The individual shopping on price alone is often just looking to get a Bluetooth headset. Peroid. Because you’re always cooler when you have a Bluetooth in your ear. This purchase is therefore made based on the cool factor – but only in the most superficial way. Unless their boss has required them to use a Bluetooth for safety reasons, or they are just that safety conscious naturally, this customer is shopping based on looks. The coolest headset within their price range, according to their individual taste, is what they will purchase. Simple. Doesn’t require a lot of marketing savvy or fancy embellishments. Show the product, state the features, and do it on the cheap.

The premium products represent a minority of the overall shelf space but inevitably dominate it with their injection molded packages draped in foil and embossing; these typically ring up between $90 and $149. They inevitably set the category’s tone in many ways.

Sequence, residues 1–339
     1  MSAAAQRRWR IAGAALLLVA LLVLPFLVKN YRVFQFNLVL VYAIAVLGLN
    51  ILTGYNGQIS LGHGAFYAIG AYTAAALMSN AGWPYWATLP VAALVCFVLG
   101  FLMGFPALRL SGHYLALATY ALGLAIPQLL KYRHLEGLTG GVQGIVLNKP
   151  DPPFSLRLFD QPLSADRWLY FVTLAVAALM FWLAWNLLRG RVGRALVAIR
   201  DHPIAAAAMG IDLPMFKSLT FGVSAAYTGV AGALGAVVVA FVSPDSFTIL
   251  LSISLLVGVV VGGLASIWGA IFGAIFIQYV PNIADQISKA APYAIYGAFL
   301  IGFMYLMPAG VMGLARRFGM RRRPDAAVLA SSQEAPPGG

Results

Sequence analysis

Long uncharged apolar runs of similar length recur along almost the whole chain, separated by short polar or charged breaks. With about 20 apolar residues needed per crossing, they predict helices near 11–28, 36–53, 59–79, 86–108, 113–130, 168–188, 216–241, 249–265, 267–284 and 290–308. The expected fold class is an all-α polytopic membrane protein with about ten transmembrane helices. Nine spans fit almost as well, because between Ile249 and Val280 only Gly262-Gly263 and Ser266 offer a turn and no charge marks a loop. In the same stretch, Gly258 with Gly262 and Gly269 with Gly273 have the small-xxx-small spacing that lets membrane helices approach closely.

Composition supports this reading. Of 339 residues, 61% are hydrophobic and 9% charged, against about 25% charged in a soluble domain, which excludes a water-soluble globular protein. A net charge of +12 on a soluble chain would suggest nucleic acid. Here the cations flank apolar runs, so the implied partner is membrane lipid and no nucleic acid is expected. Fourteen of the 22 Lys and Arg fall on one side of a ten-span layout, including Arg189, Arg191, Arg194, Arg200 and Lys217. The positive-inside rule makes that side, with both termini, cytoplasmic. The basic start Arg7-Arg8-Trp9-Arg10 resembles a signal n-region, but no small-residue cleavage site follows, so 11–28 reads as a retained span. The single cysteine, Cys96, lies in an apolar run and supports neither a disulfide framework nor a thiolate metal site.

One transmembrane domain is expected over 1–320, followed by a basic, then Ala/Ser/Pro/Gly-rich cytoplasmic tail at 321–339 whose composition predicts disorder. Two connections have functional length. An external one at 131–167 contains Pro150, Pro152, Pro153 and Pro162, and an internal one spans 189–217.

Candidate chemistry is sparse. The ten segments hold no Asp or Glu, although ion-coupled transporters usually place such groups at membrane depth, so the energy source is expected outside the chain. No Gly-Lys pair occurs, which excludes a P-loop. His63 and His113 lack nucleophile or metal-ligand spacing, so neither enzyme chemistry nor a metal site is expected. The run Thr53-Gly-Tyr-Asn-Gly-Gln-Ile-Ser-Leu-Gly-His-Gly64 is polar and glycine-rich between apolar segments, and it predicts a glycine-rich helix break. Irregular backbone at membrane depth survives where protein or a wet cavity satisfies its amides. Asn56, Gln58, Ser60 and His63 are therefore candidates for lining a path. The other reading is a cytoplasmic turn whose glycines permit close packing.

The premium customer is one of two people. They either walk in knowing they want a specific headset regardless of price (for form or function reasons), or they are seduced up the price scale by the museum-quality packaging and Design Award-worthy hardware that defines this tier. Those manufacturers who have made the choice to focus on this tier understand that their target is looking for the next big thing and they are often not concerned with price. Their formula is simple as well, but much more refined, create a solid performing product with exceptional aesthetic appeal, then package it in a way that makes it look the part of a $129 headset. This means stripping away big bold feature statements and bullet points that would make their product seem defensive, as if it had to give the buyer a laundry list of reasons to buy it. Instead, a primary feature or two are whispered in small, graphically pleasing text on the front, and the rest are relegated to 10 pt text on the rear.